In your role as a carer, Bryony recommends looking out for signs their condition is getting worse. “Look out for difficulty with speech, walking or mobility problems and anything that doesn’t seem right or ‘the norm’. You can then report this to their doctor who can help keep tabs on the stage the individual is at in their illness.” If you’re looking for a different form of support, Rowan also recommends the podcast, 2 Parkis in a Pod. “Between them, the two hosts have been living with Parkinson’s for more than 20 years. They chat openly and honestly about the challenges and have some great guests giving insights into the condition.”


Are there any lifestyle tips that can help?

Parkinson’s disease has typically been classified as a neurodegenerative disease with treatment focused on managing symptoms. However, recent connections between the brain and gut microbiome have been gaining interest. “The vast population of microorganisms, called our microbiota, that live in our gastrointestinal tract, promote overall health,” says Kim Plaza, technical advisor at Bio-Kult. “When this balance is disrupted, changes can occur on several levels, and new research shows changes in the gut microbiome may play a role in the initiation of Parkinson’s and are linked to certain symptoms, meaning what you eat can make a difference.” Evidence has suggested individuals with Parkinson’s have a decreased abundance of a variety of beneficial bacterial species, but simple changes can make all the difference,” she says…

Eat The Rainbow: “Consuming a wide range of colourful plant foods feeds gut microbes and keeps them happy. Fruits and vegetables also contain antioxidants, which can be useful for calming inflammation and warding off harmful bacteria. Studies show consuming a diet high in fresh fruit, vegetables, nuts, seeds and olive oil is associated with reduced disease progression.”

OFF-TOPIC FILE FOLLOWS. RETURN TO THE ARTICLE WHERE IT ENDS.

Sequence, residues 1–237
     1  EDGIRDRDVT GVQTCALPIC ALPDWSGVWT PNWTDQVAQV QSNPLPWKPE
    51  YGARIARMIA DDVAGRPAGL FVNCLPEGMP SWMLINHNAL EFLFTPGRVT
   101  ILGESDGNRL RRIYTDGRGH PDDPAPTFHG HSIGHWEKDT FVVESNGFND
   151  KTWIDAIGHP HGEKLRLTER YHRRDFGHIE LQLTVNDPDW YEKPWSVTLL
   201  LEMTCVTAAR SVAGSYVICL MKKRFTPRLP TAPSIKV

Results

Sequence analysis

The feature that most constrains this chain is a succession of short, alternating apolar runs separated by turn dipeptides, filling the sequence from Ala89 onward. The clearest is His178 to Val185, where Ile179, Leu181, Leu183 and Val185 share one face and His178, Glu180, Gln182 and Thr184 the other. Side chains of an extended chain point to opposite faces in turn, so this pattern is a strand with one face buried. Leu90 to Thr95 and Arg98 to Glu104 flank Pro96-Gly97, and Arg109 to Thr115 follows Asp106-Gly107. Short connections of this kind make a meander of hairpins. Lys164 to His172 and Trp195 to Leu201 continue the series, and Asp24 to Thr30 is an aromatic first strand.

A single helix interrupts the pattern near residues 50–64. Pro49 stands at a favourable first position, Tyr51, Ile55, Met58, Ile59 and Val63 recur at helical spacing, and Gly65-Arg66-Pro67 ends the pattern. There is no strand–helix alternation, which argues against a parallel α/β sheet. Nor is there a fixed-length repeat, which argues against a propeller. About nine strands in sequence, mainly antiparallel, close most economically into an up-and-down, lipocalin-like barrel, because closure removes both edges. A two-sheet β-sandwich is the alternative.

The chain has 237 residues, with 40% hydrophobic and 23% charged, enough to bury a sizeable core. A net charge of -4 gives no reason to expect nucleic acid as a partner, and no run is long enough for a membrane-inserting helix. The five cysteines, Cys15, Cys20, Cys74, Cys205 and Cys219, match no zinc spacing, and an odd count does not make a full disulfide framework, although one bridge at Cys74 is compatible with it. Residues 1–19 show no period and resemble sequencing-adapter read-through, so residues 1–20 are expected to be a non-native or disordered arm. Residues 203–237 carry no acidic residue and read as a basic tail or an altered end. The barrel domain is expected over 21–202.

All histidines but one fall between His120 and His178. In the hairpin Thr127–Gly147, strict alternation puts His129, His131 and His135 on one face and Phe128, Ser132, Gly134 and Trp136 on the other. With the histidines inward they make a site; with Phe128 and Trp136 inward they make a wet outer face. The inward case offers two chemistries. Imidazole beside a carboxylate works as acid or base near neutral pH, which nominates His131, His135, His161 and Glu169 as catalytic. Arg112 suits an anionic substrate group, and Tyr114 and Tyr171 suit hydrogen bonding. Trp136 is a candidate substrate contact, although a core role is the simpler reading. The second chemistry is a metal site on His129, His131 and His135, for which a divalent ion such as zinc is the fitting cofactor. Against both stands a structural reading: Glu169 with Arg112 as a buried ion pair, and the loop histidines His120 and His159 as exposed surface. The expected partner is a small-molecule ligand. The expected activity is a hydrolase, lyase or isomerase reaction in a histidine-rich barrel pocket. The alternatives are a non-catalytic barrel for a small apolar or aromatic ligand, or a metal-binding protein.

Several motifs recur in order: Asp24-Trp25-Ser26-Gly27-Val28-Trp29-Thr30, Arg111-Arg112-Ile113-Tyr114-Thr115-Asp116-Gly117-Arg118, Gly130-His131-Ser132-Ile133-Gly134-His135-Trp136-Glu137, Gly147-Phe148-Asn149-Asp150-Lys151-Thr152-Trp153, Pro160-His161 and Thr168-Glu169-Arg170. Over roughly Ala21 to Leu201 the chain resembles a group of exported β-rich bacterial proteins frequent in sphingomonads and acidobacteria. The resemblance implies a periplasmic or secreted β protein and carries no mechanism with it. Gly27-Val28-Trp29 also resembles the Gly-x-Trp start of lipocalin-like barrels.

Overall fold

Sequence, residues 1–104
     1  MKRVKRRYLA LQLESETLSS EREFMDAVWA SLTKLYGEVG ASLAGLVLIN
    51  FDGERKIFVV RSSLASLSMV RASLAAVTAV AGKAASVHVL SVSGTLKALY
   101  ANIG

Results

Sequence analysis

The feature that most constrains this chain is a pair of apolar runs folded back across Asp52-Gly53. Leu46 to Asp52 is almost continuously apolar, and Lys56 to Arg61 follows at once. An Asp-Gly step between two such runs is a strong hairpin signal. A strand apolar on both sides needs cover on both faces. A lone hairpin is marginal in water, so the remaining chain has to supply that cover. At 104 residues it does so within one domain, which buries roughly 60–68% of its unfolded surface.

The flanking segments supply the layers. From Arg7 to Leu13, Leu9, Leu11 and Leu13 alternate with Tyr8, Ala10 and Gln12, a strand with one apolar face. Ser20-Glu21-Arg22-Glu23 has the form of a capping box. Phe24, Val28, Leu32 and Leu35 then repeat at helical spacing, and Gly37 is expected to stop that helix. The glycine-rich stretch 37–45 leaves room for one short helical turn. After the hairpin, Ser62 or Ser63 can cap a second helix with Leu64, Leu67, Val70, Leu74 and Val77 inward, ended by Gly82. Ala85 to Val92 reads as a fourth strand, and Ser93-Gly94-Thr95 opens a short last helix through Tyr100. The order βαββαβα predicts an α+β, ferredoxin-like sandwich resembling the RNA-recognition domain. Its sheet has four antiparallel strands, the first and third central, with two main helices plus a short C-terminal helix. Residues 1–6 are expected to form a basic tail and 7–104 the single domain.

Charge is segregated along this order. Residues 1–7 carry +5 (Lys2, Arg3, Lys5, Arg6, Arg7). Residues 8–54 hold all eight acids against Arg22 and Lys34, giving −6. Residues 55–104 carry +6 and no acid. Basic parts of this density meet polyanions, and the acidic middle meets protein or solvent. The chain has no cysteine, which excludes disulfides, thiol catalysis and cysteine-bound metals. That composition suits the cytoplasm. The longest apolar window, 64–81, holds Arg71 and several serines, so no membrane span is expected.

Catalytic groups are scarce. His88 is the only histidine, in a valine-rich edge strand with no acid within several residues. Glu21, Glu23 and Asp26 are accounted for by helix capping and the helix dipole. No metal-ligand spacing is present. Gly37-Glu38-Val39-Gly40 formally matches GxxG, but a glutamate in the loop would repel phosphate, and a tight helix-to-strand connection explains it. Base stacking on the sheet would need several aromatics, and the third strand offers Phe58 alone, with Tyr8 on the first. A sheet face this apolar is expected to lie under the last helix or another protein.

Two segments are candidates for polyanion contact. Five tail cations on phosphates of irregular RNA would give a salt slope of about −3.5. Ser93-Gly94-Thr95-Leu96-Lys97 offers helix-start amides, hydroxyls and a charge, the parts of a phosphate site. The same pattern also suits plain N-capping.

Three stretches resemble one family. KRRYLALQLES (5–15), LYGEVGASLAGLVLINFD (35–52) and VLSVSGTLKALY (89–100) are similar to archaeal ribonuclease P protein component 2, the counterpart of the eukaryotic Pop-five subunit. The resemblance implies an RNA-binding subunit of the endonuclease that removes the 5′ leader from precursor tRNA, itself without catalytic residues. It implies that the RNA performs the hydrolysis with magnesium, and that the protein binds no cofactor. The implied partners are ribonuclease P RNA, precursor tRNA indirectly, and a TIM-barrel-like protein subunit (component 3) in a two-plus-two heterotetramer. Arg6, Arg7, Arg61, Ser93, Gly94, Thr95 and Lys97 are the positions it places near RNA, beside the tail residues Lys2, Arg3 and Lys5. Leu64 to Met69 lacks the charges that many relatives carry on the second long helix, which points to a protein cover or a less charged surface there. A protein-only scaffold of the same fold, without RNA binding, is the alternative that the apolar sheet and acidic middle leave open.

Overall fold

Think Quality Carbs: “Swapping white, processed carbohydrates for brown, high-fibre varieties will encourage a higher diversity of bacterial species. Processed foods high in salt and additives will provide an opportunity for less beneficial bacteria to thrive.”

Incorporate Fermented Foods: “Foods like kimchi, sauerkraut and live yoghurt have been researched for their antioxidant potential. Fermentation makes food more digestible, meaning these foods can provide the gut with beneficial bacteria to improve digestion and nutrient assimilation.”

Stay Hydrated: “This is especially important in the winter months when we often forget to keep up our water intake. Staying hydrated promotes cognitive health and prevents constipation, which is common in those with Parkinson’s.”

Be Active: “Even gentle physical activity has been shown to increase the abundance of health-promoting gut bacteria, which can ward off bad strains. Parkinson’s UK highlights that being active for 2.5 hours per week may help manage symptoms and is beneficial for mental and physical health. Physical activity is nearly always beneficial when done at the correct level for the individual.”


For more information visit ChemistClick.co.uk, Livi.co.uk and Bio-Kult.co.uk. Further information, advice and support is available at Parkinsons.org.uk and on its free, confidential helpline on 0808 800 0303. Cure Parkinson’s funds clinical trials and preclinical work, which seeks to open new avenues in the search for a cure to Parkinson’s – for more, head to CureParkinsons.org.uk

DISCLAIMER: Features published by SheerLuxe are not intended to treat, diagnose, cure or prevent any disease. Always seek the advice of your GP or another qualified healthcare provider for any questions you have regarding a medical condition, and before undertaking any diet, exercise or other health-related programme.